We explore two stance-taking patterns in casual Hebrew conversation involving ya′ani/ya′anu, a discourse marker originating in colloquial Arabic. In the first, ya′ani/ya′anu, the same as Arabic yani (lit. 'it means'), frames reformulations of prior discourse serving to enhance interpersonal involvement and mutuality regarding the interlocutor's stance toward what has been said, thereby constructing intersubjectivity. The second pattern consists of a prosodic variant, ya′ani/ya′anu, functioning as a double-voiced ironic hedge. The latter is an innovation of Hebrew, brought about by its functional association with Hebrew ke′ilu 'like'. The two uses of ya′ani/ya′anu elucidate two different processes that discourse markers in language contact situations may undergo: Persistence of lexically motivated metalingual meaning, and extension of lexically unmotivated meaning. The considerably low frequency of ya′ani/ya′anu vis-à-vis ke′ilu is explained by its devaluated social meaning in current Israeli discourse, as an index of nonhegemonic religious and ethnic groups such as Arabs and Mizrahi Jews.
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*The authors have contributed equally to this study. We wish to thank the editor Jenny Cheshire and two anonymous reviewers for insightful comments and suggestions on a previous version of this article. Parts of this study were presented at the Intersubjectivity in Action conference at the University of Helsinki (May 2017) and at the Fifteenth International Pragmatics Conference (IPrA) in Belfast, Northern Ireland (July 2017). We thank the participants for their comments. Yael Maschler would like to acknowledge grant #1233/16 from the Israel Science Foundation, as well as a Visiting Professorship at the Finnish Center of Excellence in Research on Intersubjectivity in Interaction at the Department of Finnish, Finno-Ugrian, and Scandinavian Studies, University of Helsinki during February 2017, which have both enabled completion of this study. 1All Hebrew examples come from the Haifa corpus of spoken Hebrew (Maschler et al. 2019), unless otherwise noted. Transcription conventions are found in the appendix. 2The DM ya′ani/ya′anu has additional functions in Hebrew, unrelated to stance-taking. For lack of space, those functions are only mentioned below. They are discussed in detail in Marmorstein & Masch-ler (ms). 3For example, in the 100 minute corpus investigated in Marmorstein (2016), 297 tokens of yaʕni were employed. 4We employ the term irony in Ducrot & Todorov’s (1981) sense, according to which irony is a figure of speech in which the meaning of an utterance is intended as the opposite of what is said. 5This is not a true case of conversion, of course, since after such a ‘conversion’ the ‘converted’ remains Jewish. 6For the uses of the discourse marker (be)kitsur ‘anyway’, see Maschler (2009: ch. 3). 7These written examples, of course, do not include prosody, and thus cannot illustrate the stress on the penultimate syllable. 8It is interesting to note the great proliferation of ke′ilu over the past fifteen years. While the early years of corpus construction (2.5 hours collected during 1993–2002) manifest only 120 tokens, the 8.5 hours collected during 2003–2014 manifest 982 tokens (cf. Maschler 2001, 2009:132–33). 9An exception is The encyclopedic sapphire dictionary (Avneyon 1998), which lists both variants, however, with the outdated pronunciations ya′eni and ya′enu. 10The term Mizrahim (pl. of Mizrahi) refers to Jews descended from Jewish communities of the Middle East and North Africa. 11https://stips.co.il/ask/2929734/גנלס-ונעי-וא-ינעי-םירמוא 12That the meaning of these terms IN HEBREW is lost for some speakers is in itself evidence for their decline. 13For a recent discussion of linguistic variables associated with Mizrahi ethnicity and their macro-social meanings, see Gafter 2016. 14https://www.fxp.co.il/showthread.php?t=9811796 15Previous negative attitudes toward ke′ilu (Maschler 2001, 2002b) have considerably weakened over the past decade, but in any event, they were never related to ethnicity. 16A video recording of this part of the speech can be watched on https://www.youtube.com/watch? v=p49EHVzZTe4.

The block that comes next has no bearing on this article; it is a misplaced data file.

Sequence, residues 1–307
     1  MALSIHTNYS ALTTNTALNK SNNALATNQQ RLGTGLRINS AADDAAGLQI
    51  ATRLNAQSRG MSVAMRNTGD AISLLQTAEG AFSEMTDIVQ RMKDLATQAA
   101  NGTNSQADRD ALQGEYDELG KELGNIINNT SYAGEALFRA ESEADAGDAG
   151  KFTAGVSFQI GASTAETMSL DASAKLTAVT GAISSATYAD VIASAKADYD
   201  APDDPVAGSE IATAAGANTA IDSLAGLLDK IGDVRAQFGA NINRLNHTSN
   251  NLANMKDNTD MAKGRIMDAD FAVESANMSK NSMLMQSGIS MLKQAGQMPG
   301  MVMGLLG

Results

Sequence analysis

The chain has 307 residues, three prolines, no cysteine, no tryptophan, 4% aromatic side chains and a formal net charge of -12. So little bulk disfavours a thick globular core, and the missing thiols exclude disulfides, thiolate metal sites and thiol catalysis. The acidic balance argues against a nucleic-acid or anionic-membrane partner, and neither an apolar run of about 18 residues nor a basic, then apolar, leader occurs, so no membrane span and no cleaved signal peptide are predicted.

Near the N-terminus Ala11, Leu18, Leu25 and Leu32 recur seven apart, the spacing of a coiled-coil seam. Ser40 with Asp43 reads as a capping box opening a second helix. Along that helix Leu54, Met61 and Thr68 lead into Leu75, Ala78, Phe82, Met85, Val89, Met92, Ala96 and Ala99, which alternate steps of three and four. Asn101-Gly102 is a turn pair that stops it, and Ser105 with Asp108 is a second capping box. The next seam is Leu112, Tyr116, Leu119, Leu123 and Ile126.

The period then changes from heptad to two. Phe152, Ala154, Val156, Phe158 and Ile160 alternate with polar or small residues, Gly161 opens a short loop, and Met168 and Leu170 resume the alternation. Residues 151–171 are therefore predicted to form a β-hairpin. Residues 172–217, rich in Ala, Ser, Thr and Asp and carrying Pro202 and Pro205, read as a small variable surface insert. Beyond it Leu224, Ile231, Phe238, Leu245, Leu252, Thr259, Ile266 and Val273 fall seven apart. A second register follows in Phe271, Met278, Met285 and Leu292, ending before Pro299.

© 2019 Cambridge University Press.
- Discourse markers
- language contact
ASJC Scopus subject areas
- Language and Linguistics
- Sociology and Political Science
- Linguistics and Language